PAY GAP IS
Four decades ago, in 1979, the typical low-income worker—perhaps a waitress or a cashier—earned about $9.42 an hour when adjusted to today’s dollars. In 2016, a person in that same job
earned about $9.33 an hour—roughly 1 percent less than what his or her
counterpart was making 40 years ago.
The economy in 2018 has been
strong, unemployment is at an all-time
low, many businesses are turning
healthy pro;ts and the ;nancial
markets have surged. Yet that has not
translated into robust wage growth for
many U.S. workers, even though basic
economic theory holds that this should
have happened. Instead, pay for many
low- and middle-income employees has
remained relatively ;at, in some cases
not even keeping pace with in;ation.
Theories abound as to why:
; Automation and global outsourc-ing have reduced the demand for
lower-skilled workers and the
pressure to increase their pay.
; A four-year college degree no longer promises the ;nancial bargaining power in the labor market that
it once did.
; The decline in labor unions has
made it more di;cult for low-wage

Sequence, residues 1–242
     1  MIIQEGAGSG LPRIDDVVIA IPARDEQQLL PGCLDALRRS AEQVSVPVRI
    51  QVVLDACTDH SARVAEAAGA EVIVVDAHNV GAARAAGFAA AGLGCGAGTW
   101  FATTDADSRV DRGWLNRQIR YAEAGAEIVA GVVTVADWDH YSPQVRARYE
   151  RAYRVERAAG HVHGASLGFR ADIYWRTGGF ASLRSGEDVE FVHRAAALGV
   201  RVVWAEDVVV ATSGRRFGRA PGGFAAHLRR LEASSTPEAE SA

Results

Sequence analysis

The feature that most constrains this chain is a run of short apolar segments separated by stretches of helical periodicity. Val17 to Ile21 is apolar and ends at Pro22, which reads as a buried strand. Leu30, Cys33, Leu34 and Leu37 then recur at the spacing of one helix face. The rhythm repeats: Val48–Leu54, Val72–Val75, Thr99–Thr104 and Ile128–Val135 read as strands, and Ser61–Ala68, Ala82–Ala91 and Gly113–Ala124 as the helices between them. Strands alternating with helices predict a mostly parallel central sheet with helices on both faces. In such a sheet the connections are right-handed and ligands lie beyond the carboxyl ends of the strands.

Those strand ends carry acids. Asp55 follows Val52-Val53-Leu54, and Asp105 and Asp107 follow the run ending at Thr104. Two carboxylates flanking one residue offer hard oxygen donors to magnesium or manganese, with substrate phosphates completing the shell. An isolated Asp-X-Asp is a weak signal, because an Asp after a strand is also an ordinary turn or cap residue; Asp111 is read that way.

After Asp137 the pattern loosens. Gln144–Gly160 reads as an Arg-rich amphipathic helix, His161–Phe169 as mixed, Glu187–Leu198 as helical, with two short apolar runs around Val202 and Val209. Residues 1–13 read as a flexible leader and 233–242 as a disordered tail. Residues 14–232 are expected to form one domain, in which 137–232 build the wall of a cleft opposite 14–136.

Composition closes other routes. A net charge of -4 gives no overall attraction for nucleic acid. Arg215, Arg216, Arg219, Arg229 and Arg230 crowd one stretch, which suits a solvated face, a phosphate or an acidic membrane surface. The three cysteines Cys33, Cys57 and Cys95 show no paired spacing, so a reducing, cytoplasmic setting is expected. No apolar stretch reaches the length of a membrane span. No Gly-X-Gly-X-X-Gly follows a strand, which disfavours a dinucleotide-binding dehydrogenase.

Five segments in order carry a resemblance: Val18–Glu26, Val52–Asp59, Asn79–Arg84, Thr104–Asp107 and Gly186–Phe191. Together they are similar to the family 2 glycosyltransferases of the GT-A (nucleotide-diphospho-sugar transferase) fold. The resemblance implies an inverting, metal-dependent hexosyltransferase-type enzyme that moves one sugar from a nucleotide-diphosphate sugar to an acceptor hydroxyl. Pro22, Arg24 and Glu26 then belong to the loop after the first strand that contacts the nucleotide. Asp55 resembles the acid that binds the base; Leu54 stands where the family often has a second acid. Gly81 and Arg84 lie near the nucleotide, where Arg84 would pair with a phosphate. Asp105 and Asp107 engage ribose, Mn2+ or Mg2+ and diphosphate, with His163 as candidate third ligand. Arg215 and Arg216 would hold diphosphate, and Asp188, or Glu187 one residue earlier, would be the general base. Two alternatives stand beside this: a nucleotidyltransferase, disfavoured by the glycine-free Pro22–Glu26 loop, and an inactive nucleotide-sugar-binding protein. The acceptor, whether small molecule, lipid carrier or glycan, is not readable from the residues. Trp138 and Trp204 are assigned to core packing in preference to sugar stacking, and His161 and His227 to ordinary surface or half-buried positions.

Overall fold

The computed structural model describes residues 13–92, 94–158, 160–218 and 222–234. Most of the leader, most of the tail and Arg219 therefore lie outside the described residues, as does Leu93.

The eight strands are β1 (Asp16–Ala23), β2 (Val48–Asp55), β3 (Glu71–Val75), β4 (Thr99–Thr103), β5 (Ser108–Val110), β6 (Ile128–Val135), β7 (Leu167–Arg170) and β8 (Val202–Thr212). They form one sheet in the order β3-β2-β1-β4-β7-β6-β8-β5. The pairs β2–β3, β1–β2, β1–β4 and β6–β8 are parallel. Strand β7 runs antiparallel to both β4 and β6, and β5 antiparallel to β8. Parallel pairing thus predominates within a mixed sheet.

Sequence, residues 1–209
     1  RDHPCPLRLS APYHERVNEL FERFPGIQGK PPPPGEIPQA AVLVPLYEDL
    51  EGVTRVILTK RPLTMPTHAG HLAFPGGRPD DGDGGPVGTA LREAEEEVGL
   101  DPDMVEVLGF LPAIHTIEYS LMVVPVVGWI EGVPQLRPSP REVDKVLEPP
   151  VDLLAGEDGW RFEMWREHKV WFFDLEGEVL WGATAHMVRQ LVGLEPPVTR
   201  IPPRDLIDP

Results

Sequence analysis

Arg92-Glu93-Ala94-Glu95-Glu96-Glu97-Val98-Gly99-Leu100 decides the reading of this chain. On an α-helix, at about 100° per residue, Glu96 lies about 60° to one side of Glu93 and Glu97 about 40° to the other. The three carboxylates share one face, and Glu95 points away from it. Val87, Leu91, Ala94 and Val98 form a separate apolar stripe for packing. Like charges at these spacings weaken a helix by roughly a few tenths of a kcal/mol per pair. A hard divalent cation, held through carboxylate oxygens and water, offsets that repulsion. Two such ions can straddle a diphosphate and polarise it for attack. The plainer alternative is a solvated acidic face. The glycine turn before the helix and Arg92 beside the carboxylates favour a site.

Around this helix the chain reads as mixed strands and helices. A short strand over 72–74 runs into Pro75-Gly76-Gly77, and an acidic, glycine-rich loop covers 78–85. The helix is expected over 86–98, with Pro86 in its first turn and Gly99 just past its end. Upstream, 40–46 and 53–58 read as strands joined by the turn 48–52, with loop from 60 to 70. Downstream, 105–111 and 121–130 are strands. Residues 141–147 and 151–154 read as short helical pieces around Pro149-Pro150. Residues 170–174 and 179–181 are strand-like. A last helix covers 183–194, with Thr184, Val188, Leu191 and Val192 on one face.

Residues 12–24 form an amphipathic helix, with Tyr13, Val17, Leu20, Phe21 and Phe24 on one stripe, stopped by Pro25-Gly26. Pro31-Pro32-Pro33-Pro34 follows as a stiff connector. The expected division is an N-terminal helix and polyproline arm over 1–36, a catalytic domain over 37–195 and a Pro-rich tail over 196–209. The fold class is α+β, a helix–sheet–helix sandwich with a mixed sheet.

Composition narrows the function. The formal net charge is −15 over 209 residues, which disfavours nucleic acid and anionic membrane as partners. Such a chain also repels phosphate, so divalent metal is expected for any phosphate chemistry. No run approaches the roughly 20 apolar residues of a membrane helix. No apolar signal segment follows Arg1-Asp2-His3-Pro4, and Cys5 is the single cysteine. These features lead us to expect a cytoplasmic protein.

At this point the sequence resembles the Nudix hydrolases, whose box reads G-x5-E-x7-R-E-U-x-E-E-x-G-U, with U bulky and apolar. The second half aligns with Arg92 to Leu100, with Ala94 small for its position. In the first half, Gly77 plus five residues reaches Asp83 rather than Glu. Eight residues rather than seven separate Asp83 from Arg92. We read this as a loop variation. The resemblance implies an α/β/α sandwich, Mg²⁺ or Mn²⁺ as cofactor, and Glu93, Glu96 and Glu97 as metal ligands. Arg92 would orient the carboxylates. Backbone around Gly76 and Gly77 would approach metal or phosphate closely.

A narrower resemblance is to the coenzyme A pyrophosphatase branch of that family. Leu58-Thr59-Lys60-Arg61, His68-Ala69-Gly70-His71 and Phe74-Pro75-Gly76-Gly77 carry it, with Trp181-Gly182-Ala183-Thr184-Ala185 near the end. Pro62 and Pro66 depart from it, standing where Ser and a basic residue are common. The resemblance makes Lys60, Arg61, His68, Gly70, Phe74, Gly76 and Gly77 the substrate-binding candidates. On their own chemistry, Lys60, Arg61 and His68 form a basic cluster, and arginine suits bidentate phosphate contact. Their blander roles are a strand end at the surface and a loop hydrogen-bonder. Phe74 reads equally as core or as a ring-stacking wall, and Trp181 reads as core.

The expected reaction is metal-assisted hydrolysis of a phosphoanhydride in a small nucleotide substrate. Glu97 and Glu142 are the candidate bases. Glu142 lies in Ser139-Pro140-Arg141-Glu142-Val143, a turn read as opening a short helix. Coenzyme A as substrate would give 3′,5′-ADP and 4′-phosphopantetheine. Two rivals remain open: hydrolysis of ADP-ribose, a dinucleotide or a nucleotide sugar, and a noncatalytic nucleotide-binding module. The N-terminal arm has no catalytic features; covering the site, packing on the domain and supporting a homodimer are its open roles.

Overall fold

employees to negotiate higher pay.
; The minimum wage doesn’t have the
buying power it had decades ago.
; Company leaders, boards and
shareholders grew gun-shy following the Great Recession and prefer
to keep labor costs low in case of
another economic downturn.
INCREASE IN INEQUALITY
Those who have experienced wage
growth are mainly upper-middle-and top-income earners.
“There’s been a decline in the share
of economic output going to workers,”
said Ryan Nunn, policy director of
The Hamilton Project, a research
group within think tank The Brookings Institution. “The biggest part of
the story is the increase in inequality.
Workers at the top are getting wage
growth, while others have not.”
While employees considered
middle income—those earning about
$19 an hour—saw pay raises that
outpaced the average cost-of-living
increase from 1979 to 2016, that
growth has remained relatively
low for various reasons. ¬